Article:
After a pause, Kenny stuck the sucker back in the hollow of his cheek. “You got a point,” he motioned with his head for Sam to follow. “Set that bottle down there. You’re about to visit the Bat Cave.”
Shaking his head with a grin, Sam tucked the water bottle against the wooden frame of the large box, focusing briefly on the plant before him.
“Kenny, is this…”
Kenny looked up quickly, his mustache stretching in a grin around the white sucker stick. “For… medicinal purposes,” he offered.
Sam’s lips folded in a quick grin and he nodded. “Right.”
Walking away from Sam with the fog swirling around his feet and hurt in his eyes was the most exhausting thing Dean had done since they’d left the hospital.
It would have been so much easier to simply give in, allow Sam his caretaking, just… stop. But as he half-staggered, half-walked toward the nearest lighted building, Dean knew he couldn’t stop. The moment he gave in to the exhaustion and pain, the cloying voice in his ear, the cool fingers tugging at his ankles would win. They couldn’t catch him if he didn’t stop.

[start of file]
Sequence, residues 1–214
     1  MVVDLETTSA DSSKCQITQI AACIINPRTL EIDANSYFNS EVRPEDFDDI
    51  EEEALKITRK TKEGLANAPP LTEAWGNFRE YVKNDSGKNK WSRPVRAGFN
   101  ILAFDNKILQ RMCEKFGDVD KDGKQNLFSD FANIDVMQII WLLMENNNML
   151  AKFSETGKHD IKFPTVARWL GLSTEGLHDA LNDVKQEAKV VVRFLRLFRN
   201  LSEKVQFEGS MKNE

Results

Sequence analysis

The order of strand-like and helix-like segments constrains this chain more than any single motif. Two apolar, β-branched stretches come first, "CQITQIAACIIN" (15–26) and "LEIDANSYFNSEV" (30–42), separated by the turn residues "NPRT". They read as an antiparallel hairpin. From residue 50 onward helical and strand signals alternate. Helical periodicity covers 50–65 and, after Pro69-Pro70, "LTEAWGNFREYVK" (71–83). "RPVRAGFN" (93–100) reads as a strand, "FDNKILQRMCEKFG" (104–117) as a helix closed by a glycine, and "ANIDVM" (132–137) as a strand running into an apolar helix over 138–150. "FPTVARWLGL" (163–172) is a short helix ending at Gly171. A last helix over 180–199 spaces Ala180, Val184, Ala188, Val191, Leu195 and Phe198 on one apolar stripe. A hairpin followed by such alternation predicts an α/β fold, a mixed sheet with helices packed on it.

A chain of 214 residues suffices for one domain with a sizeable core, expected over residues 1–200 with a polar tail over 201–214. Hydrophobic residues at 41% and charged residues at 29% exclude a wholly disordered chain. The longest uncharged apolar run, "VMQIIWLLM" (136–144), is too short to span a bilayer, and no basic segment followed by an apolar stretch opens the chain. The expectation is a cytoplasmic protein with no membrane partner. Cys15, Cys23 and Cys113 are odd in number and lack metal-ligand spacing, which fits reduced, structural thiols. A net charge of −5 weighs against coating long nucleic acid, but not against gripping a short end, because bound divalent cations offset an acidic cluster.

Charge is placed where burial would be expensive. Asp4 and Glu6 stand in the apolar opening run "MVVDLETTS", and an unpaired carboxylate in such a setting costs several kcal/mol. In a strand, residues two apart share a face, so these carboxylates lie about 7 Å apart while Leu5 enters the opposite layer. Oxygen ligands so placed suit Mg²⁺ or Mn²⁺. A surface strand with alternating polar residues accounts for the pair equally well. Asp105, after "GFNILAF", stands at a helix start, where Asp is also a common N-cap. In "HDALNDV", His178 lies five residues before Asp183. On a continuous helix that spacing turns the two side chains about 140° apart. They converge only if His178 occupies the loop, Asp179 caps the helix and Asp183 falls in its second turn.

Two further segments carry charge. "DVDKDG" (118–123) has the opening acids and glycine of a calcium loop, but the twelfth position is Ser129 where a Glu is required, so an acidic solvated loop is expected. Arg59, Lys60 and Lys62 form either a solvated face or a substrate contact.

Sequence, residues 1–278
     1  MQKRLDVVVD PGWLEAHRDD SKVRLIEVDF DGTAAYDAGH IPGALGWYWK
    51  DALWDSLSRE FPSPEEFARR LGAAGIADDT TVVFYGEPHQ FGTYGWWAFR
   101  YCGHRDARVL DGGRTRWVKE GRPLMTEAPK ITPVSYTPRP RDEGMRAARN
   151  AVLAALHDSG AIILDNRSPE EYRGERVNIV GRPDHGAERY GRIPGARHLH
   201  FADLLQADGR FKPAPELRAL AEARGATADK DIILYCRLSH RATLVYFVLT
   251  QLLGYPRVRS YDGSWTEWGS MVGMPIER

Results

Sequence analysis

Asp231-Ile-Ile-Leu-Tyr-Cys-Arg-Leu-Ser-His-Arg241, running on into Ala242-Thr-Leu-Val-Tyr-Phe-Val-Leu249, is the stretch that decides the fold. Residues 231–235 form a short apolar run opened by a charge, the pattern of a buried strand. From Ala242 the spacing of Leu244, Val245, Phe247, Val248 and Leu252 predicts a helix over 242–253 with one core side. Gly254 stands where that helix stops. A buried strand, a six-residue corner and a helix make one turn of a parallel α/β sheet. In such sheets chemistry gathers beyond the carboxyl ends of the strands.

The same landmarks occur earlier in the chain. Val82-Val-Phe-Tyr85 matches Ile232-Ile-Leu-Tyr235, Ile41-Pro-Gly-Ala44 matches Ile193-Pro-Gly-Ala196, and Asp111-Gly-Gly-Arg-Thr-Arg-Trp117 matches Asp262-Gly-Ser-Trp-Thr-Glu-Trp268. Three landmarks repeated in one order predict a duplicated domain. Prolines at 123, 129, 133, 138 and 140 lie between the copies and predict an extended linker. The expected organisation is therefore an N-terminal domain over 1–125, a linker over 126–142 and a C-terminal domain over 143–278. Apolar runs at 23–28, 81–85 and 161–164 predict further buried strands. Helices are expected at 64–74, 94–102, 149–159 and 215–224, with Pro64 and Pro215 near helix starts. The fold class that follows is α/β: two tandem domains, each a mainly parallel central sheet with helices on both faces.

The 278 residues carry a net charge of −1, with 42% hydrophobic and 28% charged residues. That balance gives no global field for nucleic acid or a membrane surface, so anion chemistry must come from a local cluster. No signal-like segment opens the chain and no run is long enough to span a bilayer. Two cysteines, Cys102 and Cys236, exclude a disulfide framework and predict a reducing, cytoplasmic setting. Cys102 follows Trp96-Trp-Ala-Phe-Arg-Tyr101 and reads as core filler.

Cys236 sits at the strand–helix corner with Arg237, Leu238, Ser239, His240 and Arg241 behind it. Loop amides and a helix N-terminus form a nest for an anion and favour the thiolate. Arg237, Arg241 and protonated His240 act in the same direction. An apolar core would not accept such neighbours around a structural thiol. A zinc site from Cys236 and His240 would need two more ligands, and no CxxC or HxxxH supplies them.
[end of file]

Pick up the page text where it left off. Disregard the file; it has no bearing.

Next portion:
The unique mingling of oil and gasoline wafted a seductive perfume through the damp air from the open hanger-like doors before him. Dean leaned against the metal wall for a moment, clutching his throbbing, aching side and catching his breath.
His whole body ached—a bone-deep, hang-around-for-awhile pain that made him nauseous and angry. Rolling on his good shoulder, he rotated until he faced the open door, stepping across the threshold from the cloistering feel of the foggy outdoors to the grounded, greasy reality of the garage. Breathing deeply he made his way to the workbench, strewn with the comforting familiar sight of ratchets and wrenches, oil cans and shop towels, bits of gears, nuts, bolts, and a vast array of skin magazines.
Someone was humming in the back of the shop, but Dean didn’t draw attention to himself just yet. His world was still sideways, his sight and balance swaying with the tripping sensation of a rocking boat. He made his way toward an interior wall, the room growing warmer as he got further away from the opened door. He trailed his hand along the time-worn wood of the bench surface as he walked, picking up smears of grease on the pads of his fingertips, not really noticing that his feet were dragging, only realizing he was weaving when his hip bounced against the workbench.